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7 Facts About Langston Hughes

Danielle Broadway
A photo of poet Langston Hughes.
A photo of poet Langston Hughes. / Hulton Archive/Getty Images
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Langston Hughes wasn’t just a famous Black poet, novelist, playwright, and reporter that helped define New York City’s Harlem Renaissance—he was also an activist that reflected the multifaceted lives of the Black community. Often called “The People’s Poet,” he had an uncanny talent for depicting the joy, sorrow, struggles, and victories of his people in his writing.

Born in Joplin, Missouri, on February 1, 1902 (or 1901, as recent evidence suggests), Hughes was raised in Lawrence, Kansas, by his grandmother, Mary Patterson Langston. An educator and abolitionist, she taught him the importance of loving himself despite society’s racism; as a result, Hughes never stopped fighting for systemic change and figuring out how he could use his gifts to create a more fair world. Here are seven things you should know about Langston Hughes.

1. Langston Hughes was a teenager when he wrote one of his most popular poems.

Langston Hughes was just 17 when he wrote “The Negro Speaks of Rivers,” one of his most recognizable poems. It was published the following year in the June 1921 issue of The Crisis, a magazine founded by W.E.B. Du Bois as the official publication of the National Association for the Advancement of Colored People (NAACP). In May 1941, Hughes wrote Du Bois a heartfelt thank-you letter in honor of the 20th anniversary of his first poem being published.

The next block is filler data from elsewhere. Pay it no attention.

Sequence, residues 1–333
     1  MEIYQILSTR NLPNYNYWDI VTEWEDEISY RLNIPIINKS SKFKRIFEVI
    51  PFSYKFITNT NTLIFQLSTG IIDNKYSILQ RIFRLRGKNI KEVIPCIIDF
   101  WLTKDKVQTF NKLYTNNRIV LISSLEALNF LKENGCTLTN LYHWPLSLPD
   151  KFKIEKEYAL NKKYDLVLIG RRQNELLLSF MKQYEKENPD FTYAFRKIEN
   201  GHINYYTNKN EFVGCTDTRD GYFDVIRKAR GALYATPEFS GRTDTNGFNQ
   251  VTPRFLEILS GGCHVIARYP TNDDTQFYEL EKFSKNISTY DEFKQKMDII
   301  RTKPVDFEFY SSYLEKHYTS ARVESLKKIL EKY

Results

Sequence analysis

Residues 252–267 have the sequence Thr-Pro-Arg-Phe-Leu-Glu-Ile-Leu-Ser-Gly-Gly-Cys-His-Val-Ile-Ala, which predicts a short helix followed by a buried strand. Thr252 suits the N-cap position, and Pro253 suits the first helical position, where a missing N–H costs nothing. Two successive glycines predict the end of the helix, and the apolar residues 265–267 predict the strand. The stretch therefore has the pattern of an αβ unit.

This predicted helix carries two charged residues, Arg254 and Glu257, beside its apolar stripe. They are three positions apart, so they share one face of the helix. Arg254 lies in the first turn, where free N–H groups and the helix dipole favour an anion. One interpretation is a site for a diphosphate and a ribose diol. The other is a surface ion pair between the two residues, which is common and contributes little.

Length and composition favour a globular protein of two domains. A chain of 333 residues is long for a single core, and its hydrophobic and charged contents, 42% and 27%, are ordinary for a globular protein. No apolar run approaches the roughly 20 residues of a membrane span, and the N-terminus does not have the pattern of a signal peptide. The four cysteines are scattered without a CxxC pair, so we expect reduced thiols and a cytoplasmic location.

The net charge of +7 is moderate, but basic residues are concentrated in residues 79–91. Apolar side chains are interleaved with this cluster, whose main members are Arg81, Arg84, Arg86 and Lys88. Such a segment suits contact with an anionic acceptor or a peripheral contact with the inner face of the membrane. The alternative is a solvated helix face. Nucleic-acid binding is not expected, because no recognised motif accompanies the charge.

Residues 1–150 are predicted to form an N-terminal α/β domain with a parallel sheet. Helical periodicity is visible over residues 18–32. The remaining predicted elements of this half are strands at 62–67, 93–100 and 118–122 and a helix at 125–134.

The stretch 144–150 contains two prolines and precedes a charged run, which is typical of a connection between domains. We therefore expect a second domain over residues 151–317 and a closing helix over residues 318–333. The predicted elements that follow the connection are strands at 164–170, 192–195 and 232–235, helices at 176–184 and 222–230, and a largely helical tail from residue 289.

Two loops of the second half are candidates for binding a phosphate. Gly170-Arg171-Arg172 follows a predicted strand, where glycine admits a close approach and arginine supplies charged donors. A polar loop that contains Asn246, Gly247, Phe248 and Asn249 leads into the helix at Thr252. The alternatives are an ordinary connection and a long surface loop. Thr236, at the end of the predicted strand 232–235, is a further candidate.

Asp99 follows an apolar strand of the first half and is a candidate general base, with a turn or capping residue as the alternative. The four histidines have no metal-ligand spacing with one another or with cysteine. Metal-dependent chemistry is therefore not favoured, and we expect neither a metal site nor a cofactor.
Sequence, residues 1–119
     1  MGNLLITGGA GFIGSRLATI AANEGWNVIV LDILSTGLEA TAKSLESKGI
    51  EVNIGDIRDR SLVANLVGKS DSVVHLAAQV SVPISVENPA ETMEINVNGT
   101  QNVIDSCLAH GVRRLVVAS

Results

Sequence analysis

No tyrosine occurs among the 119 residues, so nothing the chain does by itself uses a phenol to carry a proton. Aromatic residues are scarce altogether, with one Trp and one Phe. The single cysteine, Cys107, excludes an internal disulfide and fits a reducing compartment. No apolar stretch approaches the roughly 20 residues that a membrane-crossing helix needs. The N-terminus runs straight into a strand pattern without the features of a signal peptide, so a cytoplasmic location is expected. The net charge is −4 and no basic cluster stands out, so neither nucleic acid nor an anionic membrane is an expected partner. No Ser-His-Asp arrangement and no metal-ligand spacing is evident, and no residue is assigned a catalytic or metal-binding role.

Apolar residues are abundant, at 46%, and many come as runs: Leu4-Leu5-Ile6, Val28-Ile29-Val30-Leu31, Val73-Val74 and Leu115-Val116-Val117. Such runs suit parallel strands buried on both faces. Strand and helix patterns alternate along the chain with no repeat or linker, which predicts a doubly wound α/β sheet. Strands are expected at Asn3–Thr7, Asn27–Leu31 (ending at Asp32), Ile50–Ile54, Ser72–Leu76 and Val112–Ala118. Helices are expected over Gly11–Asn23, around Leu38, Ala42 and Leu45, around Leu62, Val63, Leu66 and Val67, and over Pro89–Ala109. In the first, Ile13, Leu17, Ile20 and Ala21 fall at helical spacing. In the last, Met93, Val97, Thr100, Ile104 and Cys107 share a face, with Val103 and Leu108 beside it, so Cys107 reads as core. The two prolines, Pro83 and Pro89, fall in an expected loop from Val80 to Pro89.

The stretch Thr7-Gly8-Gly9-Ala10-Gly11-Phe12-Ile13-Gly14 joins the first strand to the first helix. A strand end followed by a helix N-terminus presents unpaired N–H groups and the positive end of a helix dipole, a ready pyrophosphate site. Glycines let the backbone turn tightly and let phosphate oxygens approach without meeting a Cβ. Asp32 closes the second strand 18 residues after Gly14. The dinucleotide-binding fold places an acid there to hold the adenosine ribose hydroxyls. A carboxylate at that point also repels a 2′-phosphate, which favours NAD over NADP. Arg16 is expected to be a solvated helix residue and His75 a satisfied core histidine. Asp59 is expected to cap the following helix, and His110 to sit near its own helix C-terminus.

2. He originally went to school for engineering.

Before Hughes's poetry career took off, he was an engineering student at Columbia University in New York City. He attended the School of Mines, Engineering, and Chemistry in 1921 after his father convinced him to choose a stable career. While Hughes performed well in school and maintained a B+ average, he dropped out after only spending a year in the program. He later switched universities and majors to study English at Lincoln University in Oxford, Pennsylvania.

3. Hughes comes from a family of activists.

Hughes comes from an impressive lineage of abolitionists and activists. His maternal grandfather, Charles Henry Langston, advocated for equal rights, education, and suffrage in Ohio and Kansas for 30 years [PDF]. Hughes’s great-uncle, John Mercer Langston, was also an abolitionist, as well as an attorney, politician, and diplomat who was one of the first Black men in the United States elected to public office when he was voted as township clerk of Brownhelm, Ohio, in 1855. Later, he became the first Black man elected to Congress from Virginia, where he served during the 51st Congress from 1889 to 1891.

4. He was a pioneer of jazz poetry.